Apr 29, 2022: Spring BLC Fellows Forum

April 15, 2022

Instructional Development Research Projects

The Soviet 1960s: A Multiliteracies-Based Approach to Second-Year Russian

Sabrina Jaszi

Graduate Student, Slavic Languages & Literatures

This presentation focuses on an intermediate Russian course taught through engaging and relatable youth-centric works of the period of cultural liberalization following Stalin’s rule. Employing an integrated approach to reading, writing, and communication, the course places literary and non-literary texts at the center of the curriculum. Elements include three thematic modules containing primary and secondary texts, sample lesson plans and activities, and a list of grammatical and lexical topics.

Designing a Language-Specific Course in Raciolinguistics

Gabriella Licata

Graduate Student, Spanish & Portuguese

Raciolinguistics theorizes how language and race are co-naturalized, providing researchers with a critical framework to analyze how systemic discrimination manifests in how we perceive people and their language use. I propose a theoretical and practical course on raciolinguistics that can be an integral component to Spanish language/linguistics programs or any language-centered program of study that seeks to incorporate raciolinguistics.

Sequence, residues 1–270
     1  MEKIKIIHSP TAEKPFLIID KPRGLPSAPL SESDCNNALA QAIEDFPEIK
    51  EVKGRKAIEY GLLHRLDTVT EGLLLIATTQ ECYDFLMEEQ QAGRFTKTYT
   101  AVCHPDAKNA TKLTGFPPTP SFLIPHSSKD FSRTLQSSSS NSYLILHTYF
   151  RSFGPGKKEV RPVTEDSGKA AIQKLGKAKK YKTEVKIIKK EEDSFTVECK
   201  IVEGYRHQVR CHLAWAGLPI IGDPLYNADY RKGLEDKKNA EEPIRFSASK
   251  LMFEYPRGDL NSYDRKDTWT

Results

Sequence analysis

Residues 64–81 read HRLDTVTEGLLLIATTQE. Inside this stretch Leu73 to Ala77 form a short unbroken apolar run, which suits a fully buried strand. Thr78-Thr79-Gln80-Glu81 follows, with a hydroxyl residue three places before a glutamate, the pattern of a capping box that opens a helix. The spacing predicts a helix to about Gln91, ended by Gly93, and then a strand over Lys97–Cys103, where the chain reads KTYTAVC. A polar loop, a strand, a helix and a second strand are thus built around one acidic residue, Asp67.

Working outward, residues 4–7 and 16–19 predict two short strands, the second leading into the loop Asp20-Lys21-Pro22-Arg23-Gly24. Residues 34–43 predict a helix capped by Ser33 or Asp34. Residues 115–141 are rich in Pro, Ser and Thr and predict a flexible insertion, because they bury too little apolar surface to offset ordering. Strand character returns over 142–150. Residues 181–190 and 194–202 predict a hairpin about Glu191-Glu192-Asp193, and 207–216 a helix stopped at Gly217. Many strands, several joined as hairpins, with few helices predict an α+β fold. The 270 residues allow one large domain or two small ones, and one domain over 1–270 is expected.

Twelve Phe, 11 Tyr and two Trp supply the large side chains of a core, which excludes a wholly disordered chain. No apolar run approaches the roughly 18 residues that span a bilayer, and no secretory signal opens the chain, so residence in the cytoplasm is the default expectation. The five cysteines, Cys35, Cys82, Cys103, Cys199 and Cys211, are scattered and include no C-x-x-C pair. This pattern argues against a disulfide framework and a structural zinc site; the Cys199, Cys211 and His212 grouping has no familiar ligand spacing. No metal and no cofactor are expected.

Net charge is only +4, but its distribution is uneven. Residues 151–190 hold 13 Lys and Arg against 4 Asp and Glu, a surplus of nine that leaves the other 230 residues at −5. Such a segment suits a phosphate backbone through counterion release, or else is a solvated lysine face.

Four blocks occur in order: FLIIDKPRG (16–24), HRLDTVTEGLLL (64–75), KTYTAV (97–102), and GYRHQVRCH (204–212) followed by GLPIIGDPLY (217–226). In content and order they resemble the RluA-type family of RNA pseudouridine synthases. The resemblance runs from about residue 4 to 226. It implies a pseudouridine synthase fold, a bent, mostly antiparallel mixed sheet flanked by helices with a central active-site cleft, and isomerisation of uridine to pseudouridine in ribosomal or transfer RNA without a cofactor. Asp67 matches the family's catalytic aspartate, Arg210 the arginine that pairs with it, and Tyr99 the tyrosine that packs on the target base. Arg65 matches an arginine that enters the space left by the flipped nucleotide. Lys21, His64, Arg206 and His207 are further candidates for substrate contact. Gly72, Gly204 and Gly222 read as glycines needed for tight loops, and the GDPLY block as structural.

Breaking Boundaries: Global Perspectives, Digital Humanities-Inflected Pedagogy and the Teaching of Italian History and Literature

Zhonghua Wang

Graduate Student, Italian Studies

This project entails the incorporation of Digital Humanities (DH)-inflected pedagogy into the Italian history and literature curriculum. DH methods facilitate a laboratory-based learning environment that values collaboration, creativity, and transdisciplinarity, and serve as a meaningful analytical approach to rethink the Italian literary canon, and to challenge methodological nationalism and Eurocentric paradigms.

Friday, April 29, 2022
B-4 Dwinelle & Zoom, 3-5 pm
This lecture is sponsored by the College of Letters and Science.

BLC Fellows spring 2022